3. Leverage retrospective security: Modern threats are able to disguise themselves as safe, pass through defenses unnoticed, remain undetected and later exhibit malicious behaviour. Look for technologies that address this scenario by continuously monitoring files originally deemed “safe” or “unknown” and enabling you to apply retrospective security – the ability to quickly identify scope, track, investigate and remediate if these files are later determined to be malicious.
4. Hone your incident response processes: Security events happen and many organisations don’t have an incident response plan in place. Every organisation should have a designated Incident Response team that is trained to communicate and respond to security events. The team needs to be backed by documented processes and policies. For example, an InfoSec Policy must be put in place to ensure you’re protecting the right data. An Incident Response Runbook with clear step-by-step instructions for the team to follow in the event of an attack, including incident notification and a collaboration call tree, leads to better, swifter and more accurate containment and remediation. Finally, systematic program reviews on a quarterly basis can ensure that your policies, configurations and rules performance are protecting your organisation as needed.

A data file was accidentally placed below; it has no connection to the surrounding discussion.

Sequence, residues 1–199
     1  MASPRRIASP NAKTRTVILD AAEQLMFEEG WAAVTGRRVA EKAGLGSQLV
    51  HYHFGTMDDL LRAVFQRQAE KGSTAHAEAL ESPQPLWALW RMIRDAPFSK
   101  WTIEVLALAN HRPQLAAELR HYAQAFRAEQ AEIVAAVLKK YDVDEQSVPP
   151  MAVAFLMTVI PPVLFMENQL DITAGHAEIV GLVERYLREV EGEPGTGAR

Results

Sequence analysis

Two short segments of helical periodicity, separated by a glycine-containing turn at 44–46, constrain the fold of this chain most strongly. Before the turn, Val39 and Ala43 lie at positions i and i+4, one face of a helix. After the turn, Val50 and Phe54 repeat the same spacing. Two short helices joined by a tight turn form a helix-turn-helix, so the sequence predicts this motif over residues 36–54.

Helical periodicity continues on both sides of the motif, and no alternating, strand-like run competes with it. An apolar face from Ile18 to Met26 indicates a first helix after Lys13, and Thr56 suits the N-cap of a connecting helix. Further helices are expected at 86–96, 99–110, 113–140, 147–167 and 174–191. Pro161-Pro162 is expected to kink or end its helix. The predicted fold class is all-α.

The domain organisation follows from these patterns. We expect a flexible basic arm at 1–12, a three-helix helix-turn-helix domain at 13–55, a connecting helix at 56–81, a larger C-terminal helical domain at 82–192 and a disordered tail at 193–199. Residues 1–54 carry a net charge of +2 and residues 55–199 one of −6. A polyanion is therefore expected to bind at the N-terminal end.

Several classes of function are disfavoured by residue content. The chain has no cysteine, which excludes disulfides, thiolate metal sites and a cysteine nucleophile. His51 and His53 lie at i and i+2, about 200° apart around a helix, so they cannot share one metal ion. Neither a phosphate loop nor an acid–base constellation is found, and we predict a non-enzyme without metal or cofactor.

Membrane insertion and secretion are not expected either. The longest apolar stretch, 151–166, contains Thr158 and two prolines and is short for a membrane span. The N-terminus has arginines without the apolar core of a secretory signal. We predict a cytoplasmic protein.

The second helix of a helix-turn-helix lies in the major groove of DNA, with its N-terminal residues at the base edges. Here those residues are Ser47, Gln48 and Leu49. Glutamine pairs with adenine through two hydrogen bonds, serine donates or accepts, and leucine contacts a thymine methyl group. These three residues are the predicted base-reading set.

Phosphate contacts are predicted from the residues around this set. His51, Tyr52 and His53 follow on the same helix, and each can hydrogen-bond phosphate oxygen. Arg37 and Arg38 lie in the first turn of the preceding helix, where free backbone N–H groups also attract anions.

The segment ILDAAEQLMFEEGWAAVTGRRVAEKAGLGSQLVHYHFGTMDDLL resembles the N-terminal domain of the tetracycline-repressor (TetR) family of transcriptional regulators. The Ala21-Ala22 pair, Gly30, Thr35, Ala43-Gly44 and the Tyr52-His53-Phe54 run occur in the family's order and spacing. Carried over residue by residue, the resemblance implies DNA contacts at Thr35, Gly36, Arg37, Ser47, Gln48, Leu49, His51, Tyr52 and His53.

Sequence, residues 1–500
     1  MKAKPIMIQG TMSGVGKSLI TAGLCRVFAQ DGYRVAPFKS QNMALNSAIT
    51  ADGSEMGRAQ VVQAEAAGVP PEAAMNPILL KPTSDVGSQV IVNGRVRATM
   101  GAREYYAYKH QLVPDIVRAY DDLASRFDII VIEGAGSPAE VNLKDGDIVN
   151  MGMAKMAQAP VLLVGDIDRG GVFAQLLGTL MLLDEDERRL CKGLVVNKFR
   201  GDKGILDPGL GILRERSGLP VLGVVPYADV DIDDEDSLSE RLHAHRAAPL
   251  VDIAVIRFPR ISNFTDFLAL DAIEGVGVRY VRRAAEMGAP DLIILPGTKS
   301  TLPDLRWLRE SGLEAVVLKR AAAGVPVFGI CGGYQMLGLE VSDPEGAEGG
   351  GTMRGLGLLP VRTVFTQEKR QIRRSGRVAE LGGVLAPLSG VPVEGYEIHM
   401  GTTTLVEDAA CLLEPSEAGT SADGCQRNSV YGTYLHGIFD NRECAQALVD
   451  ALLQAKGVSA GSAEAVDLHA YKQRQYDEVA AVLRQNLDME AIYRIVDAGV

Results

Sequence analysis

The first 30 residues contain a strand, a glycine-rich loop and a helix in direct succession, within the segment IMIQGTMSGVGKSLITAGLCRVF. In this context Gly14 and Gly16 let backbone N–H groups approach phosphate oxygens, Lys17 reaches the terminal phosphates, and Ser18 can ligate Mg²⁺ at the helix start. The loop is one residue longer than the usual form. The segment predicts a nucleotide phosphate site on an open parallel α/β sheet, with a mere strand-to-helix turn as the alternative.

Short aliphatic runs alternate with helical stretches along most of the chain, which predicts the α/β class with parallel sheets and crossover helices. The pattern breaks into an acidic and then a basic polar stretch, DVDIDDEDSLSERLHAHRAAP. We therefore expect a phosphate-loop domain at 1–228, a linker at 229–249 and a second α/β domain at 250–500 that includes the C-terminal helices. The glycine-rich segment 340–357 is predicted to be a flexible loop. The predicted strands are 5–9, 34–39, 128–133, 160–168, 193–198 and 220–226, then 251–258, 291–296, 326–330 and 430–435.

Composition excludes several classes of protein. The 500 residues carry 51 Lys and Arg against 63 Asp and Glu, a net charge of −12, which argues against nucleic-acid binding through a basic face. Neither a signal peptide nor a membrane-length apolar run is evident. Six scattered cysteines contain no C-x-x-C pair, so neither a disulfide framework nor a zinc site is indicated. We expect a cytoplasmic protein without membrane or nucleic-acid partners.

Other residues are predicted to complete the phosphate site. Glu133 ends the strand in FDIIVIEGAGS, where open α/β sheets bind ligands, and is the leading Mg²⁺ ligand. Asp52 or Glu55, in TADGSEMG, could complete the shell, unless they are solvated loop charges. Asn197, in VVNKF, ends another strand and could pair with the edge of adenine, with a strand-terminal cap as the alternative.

5. Educate users and IT security staff on the latest threats. Educating users so they are wise to these techniques and putting policies in place to restrict user behaviour can go a long way toward preventing these malicious attacks that often rely on relatively simple methods. Organisations must also be committed to keeping their staff highly trained on the current threat landscape. Ongoing professional development with a specific focus on being able to identify an incident, know how to classify it and how to contain and eliminate it will help keep security teams apprised of the latest techniques used by attackers to disguise threats, exfiltrate data and establish beachheads for future attacks.
In a world in which attackers seem to be gaining an advantage, defenders need to fight fire with fire. With the right regulations, compliances and precautions in place, as well as security technologies that enable visibility, automation and intelligence, organisations can help break the attack chain and finally come closer to winning the war against cyber criminals.